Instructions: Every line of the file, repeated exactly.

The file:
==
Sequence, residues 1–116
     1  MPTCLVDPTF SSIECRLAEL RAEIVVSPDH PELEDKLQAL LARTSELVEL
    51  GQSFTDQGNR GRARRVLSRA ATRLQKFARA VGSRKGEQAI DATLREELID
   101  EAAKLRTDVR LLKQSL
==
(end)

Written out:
Sequence, residues 1–116
     1  MPTCLVDPTF SSIECRLAEL RAEIVVSPDH PELEDKLQAL LARTSELVEL
    51  GQSFTDQGNR GRARRVLSRA ATRLQKFARA VGSRKGEQAI DATLREELID
   101  EAAKLRTDVR LLKQSL